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Flu season hitting early and hard in Phila. region

For thousands of people in the Philadelphia region, the end of 2014 was accompanied by fever, cough, and body aches.

For thousands of people in the Philadelphia region, the end of 2014 was accompanied by fever, cough, and body aches.

Reported flu cases in Pennsylvania climbed sharply over the final weeks of December.

Tests had confirmed more than 10,000 influenza cases this fall and winter as of Saturday, according to the state Department of Health. The actual number of sick people is likely many times higher, as the vast majority do not get laboratory tests.

Flu activity was also rising in New Jersey, but less severely locally. State health officials report generally high overall flu levels - but say reports are low in South Jersey. Actual numbers are reported differently than in Pennsylvania and are not comparable.

About 4,500 of the Pennsylvania cases were reported last week alone, and the Health Department in Harrisburg says flu activity is widespread in the state.

The increase has arrived earlier in flu season than in most recent years. More commonly, reported cases in Pennsylvania start to climb in late January or February.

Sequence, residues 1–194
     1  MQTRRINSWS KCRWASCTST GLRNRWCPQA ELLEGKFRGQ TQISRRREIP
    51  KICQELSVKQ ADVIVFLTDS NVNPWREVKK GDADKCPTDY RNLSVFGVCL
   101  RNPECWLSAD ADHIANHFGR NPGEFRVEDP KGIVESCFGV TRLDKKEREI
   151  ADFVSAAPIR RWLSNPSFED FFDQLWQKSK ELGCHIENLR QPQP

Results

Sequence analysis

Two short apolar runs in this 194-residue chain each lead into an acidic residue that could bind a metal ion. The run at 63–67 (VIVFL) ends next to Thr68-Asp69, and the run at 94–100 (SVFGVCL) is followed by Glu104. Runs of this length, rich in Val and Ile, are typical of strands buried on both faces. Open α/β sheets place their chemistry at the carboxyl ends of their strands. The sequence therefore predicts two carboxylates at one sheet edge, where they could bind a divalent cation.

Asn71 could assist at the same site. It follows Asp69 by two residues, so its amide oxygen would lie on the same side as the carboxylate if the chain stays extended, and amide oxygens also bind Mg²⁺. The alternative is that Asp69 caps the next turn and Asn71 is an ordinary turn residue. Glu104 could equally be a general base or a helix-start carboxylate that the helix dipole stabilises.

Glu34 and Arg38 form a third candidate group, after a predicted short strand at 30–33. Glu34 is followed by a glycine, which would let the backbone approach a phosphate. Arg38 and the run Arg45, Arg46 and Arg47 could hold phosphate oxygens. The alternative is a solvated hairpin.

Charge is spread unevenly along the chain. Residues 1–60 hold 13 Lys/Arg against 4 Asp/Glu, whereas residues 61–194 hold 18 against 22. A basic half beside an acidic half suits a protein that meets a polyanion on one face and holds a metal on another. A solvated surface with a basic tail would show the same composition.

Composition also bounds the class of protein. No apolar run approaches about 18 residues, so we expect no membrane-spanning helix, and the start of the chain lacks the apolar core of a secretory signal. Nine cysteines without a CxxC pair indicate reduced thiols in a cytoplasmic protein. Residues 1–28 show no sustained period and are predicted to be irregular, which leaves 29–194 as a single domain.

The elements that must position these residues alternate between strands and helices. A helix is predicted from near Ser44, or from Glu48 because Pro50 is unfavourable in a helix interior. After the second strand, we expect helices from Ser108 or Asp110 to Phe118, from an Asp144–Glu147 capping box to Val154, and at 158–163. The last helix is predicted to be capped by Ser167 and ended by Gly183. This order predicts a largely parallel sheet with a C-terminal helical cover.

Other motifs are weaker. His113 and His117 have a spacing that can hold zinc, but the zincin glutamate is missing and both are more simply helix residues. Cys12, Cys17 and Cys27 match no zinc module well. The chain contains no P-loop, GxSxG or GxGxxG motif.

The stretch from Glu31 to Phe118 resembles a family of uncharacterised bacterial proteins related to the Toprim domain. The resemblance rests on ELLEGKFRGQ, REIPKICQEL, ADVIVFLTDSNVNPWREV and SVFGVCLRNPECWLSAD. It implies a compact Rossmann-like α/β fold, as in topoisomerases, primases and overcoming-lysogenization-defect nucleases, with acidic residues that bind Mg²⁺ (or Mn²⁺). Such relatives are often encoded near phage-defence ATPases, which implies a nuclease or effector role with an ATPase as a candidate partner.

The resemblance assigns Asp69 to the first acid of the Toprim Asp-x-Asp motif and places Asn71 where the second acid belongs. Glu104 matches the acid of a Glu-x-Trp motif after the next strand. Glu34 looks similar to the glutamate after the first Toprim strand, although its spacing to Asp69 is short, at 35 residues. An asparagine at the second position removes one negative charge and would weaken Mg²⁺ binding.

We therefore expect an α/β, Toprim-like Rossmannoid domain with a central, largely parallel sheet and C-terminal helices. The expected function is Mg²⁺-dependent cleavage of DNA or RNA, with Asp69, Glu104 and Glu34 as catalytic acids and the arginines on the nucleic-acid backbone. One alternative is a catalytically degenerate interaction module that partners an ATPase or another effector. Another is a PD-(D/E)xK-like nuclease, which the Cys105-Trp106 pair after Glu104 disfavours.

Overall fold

The predominant strain this season tends to cause more serious illness, and the vaccine being administered this year is not well matched to it. Still, health officials urge everyone 6 months and older to be vaccinated, saying it offers some protection.

Since early December, confirmed flu cases have jumped in the region. The state reported 178 in Philadelphia, 369 in Bucks County, 323 in Chester County, 279 in Delaware County, and 591 in Montgomery County. Just a few dozen cases had been reported in each county as of Dec. 6.

So far, Allegheny County has reported the most cases in the state: 1,332.

Influenza-associated deaths have also risen in recent weeks, with 16 linked to the virus now reported in Pennsylvania. Thirteen of the victims were 65 or older.

An estimated 120 to 2,000 people die of flu complications each year in the state. Many states, including New Jersey, do not report total flu deaths, and the U.S. Centers for Disease Control and Prevention does not collect them. Researchers using complex models estimate that tens of thousands of people, most of them elderly, die each year nationwide from flu-related complications such as pneumonia.

Reports of flu cases are picking up across the country, with patterns varying from state to state. Pennsylvania, New Jersey, and 34 other states are among those listed with widespread flu activity, according to the CDC's most recent flu report, through Dec. 20.

Flu season generally runs from October to May, typically peaking between December and February, the CDC says.

To prevent getting and spreading the flu, health officials say people should - in addition to getting the vaccine - wash their hands thoroughly, be careful what they touch, cough or sneeze into their upper sleeves instead of their hands, dispose of used tissues, and minimize time spent in crowded areas.